Another common guitar beginner problem that arises from mistakes is the syndrome of the never finished song. You might have experienced this yourself - I know I have. You can never finish a song or a piece of music because you interrupt yourself at every mistake to go back and get it right or start again.

Now, as we've just seen there are times when it's appropriate to spend time fixing mistakes, but you also need to get into the habit of just keeping on. As Cameron puts it,

Practice Recovering from Mistakes
"Since mistakes are bound to happen from time to time, learn how to get through it and keep playing. A metronome is a great tool for this exercise. The beat keeps moving and so should the music, whether you hit the chord or not. Don’t stop every time you mess up, just catch up at the next downbeat. Imagine the music happening on it’s own, your job is to simply play along not sabotage it."

No matter how good you get at playing guitar you will still make mistakes. They happen to the best players and even when you're playing a piece you know inside out. How you deal with them can make the difference between becoming a good player and one that just can't get beyond their mistakes is the way you deal with them. Heed this good advice and mistakes can become friends that help to guide you to better guitar playing.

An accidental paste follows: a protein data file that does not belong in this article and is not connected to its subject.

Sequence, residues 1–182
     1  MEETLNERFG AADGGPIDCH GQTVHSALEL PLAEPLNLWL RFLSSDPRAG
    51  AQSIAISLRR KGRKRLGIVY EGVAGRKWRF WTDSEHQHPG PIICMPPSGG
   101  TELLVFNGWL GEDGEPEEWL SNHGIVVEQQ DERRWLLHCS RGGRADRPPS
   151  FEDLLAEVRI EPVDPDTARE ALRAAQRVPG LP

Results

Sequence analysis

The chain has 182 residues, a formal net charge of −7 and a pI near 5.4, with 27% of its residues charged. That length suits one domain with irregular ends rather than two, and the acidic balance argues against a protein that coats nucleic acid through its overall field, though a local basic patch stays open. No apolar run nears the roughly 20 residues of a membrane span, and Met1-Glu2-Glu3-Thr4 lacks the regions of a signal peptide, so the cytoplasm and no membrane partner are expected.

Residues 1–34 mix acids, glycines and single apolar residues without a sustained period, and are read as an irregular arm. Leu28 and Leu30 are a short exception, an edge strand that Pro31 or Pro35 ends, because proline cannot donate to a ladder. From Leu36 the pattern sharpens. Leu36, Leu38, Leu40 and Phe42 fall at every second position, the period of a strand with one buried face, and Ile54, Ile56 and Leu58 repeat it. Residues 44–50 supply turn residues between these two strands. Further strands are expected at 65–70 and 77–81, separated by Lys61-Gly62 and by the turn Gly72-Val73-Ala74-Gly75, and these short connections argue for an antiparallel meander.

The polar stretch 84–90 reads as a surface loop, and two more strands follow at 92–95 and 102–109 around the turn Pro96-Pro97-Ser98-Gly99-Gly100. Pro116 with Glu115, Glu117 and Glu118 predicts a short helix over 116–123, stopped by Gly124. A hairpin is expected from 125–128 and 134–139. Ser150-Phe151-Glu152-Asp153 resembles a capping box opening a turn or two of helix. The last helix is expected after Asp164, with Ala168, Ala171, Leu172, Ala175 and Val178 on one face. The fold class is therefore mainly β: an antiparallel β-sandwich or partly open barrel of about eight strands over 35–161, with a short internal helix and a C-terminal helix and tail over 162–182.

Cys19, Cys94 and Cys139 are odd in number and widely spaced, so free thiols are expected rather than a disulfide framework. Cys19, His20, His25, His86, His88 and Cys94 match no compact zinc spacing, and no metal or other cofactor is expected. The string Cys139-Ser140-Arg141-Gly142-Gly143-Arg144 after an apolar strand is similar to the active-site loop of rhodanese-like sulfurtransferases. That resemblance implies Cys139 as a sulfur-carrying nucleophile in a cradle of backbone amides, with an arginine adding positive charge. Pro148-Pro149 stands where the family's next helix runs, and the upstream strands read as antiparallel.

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24 March 2010

Learn Guitar - The Progress Trap

Have you ever noticed how much guitar learners always worry about progress? It seems we are just never satisfied with our current level of playing. There's always some problem, some new thing to reach for, something wrong, some better piece of equipment, moan, moan, moan...

But here's a nugget of wisdom recently shared by Arlen Roth that could help us all stop wishing so much and just enjoy what we have right here and now,

"There is so much involved with your progress as a player over the course of your life, but one thing is for sure: it never ends. There is no question that we have peaks and valleys along the way, as I have too, but overall, we never really get worse, only better. I also feel that in your early days of development and learning, it’s so important to do the best with what you’ve got. This means you must not be frustrated, rather, you must try to make as much music with what you know at the time, no matter how limited you may think it is!"
I think I'll pin this one up so I remember to keep enjoying what I can do now and let time help me learn better guitar. Don't obsess about progress and get down about what you can't do (yet). Instead do what you can today, keep learning and enjoy yourself.

Read Arlen's full post Progressing as a Player.

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22 March 2010

Build Your Guitar Skills With Two-Chord Songs